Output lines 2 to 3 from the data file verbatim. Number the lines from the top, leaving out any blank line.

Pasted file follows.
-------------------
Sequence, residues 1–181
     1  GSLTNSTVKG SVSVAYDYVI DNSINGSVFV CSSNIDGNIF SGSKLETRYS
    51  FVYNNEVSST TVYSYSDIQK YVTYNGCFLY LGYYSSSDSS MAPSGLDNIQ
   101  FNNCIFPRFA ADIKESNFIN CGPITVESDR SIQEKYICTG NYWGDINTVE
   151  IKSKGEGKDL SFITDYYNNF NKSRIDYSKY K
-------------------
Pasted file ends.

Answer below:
     1  GSLTNSTVKG SVSVAYDYVI DNSINGSVFV CSSNIDGNIF SGSKLETRYS
    51  FVYNNEVSST TVYSYSDIQK YVTYNGCFLY LGYYSSSDSS MAPSGLDNIQ